“He wasn't even referring to black people,” Willie says. “But people took it, and they made it out [as] what they wanted to make it out of, and then it took on a racial tone.”

Fast-forward to 2016, and “in the black community, the word is representative of a black person who sells out his community for the acceptance of others, specifically white people,” he adds. “Or a black person who reinforces the negative stereotypes of blacks.”

No one in Willie's song gets put on blast harder than Charles Barkley, the former NBA star turned TNT commentator and, according to Willie, bush-league social critic. The Geto Boy says Barkley’s support of the police officers accused in the deaths of unarmed black men Michael Brown and Eric Garner is what lit the fuse for his song, but before joining TNT, Willie says he found Barkley to be “refreshing” because back then, the ex-Rocket wasn’t afraid of publicly speaking his mind, consequences be damned.

“White guys are vocal and forward and they can get aggressive, and they're outspoken all the time,” Willie says with a chuckle. “But when black guys are outspoken, there's usually some type of penalty associated with it, whether that be somebody trying to prevent him from earning a living, or somebody trying to ostracize him or distance themselves from him because of this fear of a black man being aggressive. God forbid a black man stand on two feet and don't allow himself to be pushed around like any other American would do.”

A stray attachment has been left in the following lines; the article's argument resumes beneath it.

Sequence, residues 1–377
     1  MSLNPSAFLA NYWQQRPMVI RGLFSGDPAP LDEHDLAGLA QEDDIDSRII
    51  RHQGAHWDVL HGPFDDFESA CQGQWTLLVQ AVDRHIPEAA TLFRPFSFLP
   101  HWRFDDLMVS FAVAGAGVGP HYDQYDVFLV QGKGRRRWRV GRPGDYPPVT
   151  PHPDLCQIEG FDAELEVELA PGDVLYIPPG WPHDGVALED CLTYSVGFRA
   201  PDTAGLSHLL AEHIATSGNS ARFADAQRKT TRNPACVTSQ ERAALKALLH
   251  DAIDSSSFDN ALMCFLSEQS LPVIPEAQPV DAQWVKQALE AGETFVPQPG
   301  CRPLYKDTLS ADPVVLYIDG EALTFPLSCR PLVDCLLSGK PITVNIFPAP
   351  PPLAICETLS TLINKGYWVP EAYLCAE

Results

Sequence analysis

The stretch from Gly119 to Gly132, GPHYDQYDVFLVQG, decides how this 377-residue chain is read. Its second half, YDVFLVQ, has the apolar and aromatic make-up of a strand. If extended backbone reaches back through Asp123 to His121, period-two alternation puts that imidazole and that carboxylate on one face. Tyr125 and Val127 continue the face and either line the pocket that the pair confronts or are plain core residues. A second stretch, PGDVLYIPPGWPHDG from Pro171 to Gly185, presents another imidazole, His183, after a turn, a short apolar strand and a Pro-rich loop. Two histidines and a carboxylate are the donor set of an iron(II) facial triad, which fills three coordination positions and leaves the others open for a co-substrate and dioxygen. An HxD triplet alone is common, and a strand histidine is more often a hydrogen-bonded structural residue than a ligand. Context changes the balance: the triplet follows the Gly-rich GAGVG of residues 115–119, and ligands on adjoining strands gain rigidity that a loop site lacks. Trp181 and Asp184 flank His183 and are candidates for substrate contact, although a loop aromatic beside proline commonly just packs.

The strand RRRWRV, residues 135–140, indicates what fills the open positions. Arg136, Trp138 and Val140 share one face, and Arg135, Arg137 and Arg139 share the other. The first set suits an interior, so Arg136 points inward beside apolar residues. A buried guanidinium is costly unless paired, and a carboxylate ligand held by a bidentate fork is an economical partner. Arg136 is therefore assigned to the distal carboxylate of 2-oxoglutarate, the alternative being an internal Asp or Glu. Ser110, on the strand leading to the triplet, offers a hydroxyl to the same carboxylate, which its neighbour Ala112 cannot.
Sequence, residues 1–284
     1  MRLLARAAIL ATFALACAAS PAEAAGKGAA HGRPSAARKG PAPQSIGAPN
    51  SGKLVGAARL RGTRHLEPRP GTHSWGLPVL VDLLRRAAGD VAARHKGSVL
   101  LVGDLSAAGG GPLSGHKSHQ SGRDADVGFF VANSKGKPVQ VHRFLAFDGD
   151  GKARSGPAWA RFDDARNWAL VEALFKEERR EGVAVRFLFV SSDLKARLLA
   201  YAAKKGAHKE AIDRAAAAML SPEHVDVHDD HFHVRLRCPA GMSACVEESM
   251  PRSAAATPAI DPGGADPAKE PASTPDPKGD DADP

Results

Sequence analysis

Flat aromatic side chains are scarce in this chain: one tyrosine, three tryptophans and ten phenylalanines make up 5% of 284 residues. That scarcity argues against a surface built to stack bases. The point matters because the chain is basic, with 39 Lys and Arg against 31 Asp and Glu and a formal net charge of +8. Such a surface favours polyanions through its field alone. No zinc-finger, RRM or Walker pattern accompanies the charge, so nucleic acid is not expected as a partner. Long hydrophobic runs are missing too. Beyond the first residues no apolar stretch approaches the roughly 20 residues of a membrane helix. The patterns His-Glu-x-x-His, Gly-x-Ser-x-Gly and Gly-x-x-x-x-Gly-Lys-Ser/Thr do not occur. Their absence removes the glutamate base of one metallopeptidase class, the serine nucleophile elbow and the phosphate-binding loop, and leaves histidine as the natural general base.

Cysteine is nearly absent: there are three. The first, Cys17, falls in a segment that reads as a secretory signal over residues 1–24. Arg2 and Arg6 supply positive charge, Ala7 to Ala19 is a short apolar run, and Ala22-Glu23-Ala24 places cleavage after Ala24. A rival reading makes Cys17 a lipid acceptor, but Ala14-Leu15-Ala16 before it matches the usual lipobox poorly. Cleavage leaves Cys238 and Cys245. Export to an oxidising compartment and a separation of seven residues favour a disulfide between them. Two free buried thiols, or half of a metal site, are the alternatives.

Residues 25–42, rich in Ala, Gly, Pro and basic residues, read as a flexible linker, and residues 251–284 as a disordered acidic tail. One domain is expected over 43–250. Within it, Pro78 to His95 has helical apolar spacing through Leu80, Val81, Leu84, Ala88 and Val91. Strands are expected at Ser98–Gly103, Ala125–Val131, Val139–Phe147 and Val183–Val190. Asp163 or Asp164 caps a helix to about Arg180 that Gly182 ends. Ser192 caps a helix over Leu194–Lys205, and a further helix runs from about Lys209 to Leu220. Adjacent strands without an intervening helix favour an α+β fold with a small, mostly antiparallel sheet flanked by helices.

No less raked over the coals in “Coon” are ESPN commentator Stephen A. Smith, who was suspended after publicly squabbling with a female colleague in the wake of the Ray Rice elevator incident; former Clueless actress turned Fox News personality (and Donald Trump supporter) Stacey Dash; and Don Lemon, the CNN reporter who infamously said, “Obviously, I smell marijuana” while covering the unrest in Ferguson, Missouri, in the aftermath of the Brown verdict. What they all have in common, Willie says, is all of them put a fat paycheck ahead of the interests of the black community — the kind of behavior he believes simply wouldn’t fly if the tables were turned for any of the other races.

“Look, if there were other so-called pundits and commentators, analysts on these stations that [are] white, and [they] came on and disparaged the white community, I’d say, ‘Okay, it’s a level playing field,’" Willie says. “If they had people that were on there representing the Hispanic community and they came on and every time a Hispanic issue came up they disparaged the Hispanic community, I’d say, ‘Well, you know, it’s a pretty level playing field.’ But they don’t.

“The only kind of people that they have on their show that constantly disparage their community are black people,” he adds. “Period. That means that those stations are culpable, and they know what they’re doing. They have an agenda, and that agenda is to shit on the black community. And use black people to do it — that way they can’t be accused of being racist.”

Willie has said he's already planning a sequel to “Coon,” and that if he must, “I’d like to take this song to Capitol Hill,” he laughs. “I’ll take it all the way, man, because I ain’t gonna stop, because it’s always gonna be relevant.”

ENCORE: Stacey Dash's followers debate Willie's song on Twitter: